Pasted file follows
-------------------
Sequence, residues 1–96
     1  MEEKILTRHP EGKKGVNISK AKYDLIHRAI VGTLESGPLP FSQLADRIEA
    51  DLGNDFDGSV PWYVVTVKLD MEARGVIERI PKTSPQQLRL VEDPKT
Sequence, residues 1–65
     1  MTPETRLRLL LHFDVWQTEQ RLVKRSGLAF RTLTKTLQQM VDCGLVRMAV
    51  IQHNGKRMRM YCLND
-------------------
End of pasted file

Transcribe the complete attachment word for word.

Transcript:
Sequence, residues 1–96
     1  MEEKILTRHP EGKKGVNISK AKYDLIHRAI VGTLESGPLP FSQLADRIEA
    51  DLGNDFDGSV PWYVVTVKLD MEARGVIERI PKTSPQQLRL VEDPKT
Sequence, residues 1–65
     1  MTPETRLRLL LHFDVWQTEQ RLVKRSGLAF RTLTKTLQQM VDCGLVRMAV
    51  IQHNGKRMRM YCLND